architects like Saarinen, Philip Johnson, or Frank         decade with building to accommodate generations X
               Gehry design these extravaganzas. While they               and Y. Replacement buildings carry costs much

               burnish the prestige of the institution, these gems        higher than simply substitution of an equivalent
               are appealing to high-class fashion magazines like         new building. Building costs have sky-rocketed.
               Architectural Digest or Vanity Fair and donors who         Additionally, campus administration must now
               make statements by giving their dollars only to the        account for advances in technology plus the
               best of the best. For donors, a Bilbao structure           elementary essentials expected by today’s students.
               means the institution is worthy of their hard-             The result is that normal rebuilding cycles have
               earned dollars. It is also nice to have their name         become intertwined with the provision of small-
               attached to the historic structure.                        scale palaces as colleges compete for new students.
It is a paradox that students, who expect fine living      reduce the risk. For building projects, especially at
quarters and instructional environments, must also         financially-stressed institutions, risk means finding
pay the piper through higher tuition and fee rates to      ways to offset debt or to reuse the project in some
fill their heart’s desires.                                other way to reduce capital and operating costs.

Leveraging the Arms Race                                   Financial Tools: Presidents can turn to time-
                                                           honored financial tools—gifts, bonds, loans, and
Joining the arms race calls for presidents to find
                                                           tuition hikes; or innovative tools—student
ways to leverage the costs of providing suitable
                                                           referenda, leaseback, business partnerships,
facilities for students, instruction, and research. In
                                                           educational partnerships, dual use, downtime
many instances, the old reliables—bonds, loans,
                                                           rentals, and entrepreneurial ventures; or a mix
gifts, and higher tuition—though they are still used,
                                                           of these tools to fund new construction. The
often are not enough to offset either the costs or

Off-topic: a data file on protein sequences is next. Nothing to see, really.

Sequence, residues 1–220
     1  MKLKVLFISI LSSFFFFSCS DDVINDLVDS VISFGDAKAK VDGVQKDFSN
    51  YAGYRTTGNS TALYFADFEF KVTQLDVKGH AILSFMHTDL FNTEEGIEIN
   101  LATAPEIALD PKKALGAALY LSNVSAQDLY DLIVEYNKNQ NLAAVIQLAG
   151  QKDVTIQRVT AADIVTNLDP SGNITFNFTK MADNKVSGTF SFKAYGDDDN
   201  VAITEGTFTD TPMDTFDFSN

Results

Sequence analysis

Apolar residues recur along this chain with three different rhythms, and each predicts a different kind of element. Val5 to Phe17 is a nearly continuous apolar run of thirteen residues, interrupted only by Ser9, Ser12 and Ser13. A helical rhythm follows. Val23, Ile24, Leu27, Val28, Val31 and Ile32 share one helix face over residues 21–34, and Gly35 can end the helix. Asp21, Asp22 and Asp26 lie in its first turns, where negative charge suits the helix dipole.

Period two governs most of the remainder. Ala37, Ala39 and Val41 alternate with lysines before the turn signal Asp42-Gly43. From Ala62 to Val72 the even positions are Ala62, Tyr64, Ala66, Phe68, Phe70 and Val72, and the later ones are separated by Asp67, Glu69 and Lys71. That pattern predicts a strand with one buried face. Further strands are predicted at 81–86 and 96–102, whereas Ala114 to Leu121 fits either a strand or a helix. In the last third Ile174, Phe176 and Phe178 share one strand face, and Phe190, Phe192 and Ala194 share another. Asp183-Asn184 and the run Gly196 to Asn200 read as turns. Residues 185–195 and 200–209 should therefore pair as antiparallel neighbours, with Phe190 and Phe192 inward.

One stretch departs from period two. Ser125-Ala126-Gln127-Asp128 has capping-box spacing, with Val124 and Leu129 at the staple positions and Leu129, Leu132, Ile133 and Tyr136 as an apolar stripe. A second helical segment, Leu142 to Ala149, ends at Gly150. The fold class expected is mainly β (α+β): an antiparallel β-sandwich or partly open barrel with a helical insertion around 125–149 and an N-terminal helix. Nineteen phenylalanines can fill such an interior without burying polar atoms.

innovative tools are being used more frequently to
the risks of the investment.
                                                           raise capital while mitigating risk by either
                                                           spreading risk or reducing risk. Here is how some of
Cost and Risk: The cost of new construction can
                                                           these new tools are applied:
shock a president planning a new project. Costs of a
new building quickly mount as land acquisition,
                                                           •   Student Referenda—University of Cincinnati,
government approvals, architectural and engineering
                                                               Louisiana State University, and the University of
design, environmental and zoning regulations,
                                                               California are several examples of institutions
amenities, technology, and design flexibility are
                                                               working with student governments to conduct
taken into account. Cost of construction plus
                                                               referenda to use higher student fees to cover
furnishings can quickly turn even a simple project
                                                               part of the full cost of a new student center.
into expensive square footage comparable to the
price of new office buildings in the center of our
                                                           •   Leasebacks—In this scenario, institutions work
largest cities. Obviously, cost must be managed,
                                                               with private investors to establish a separate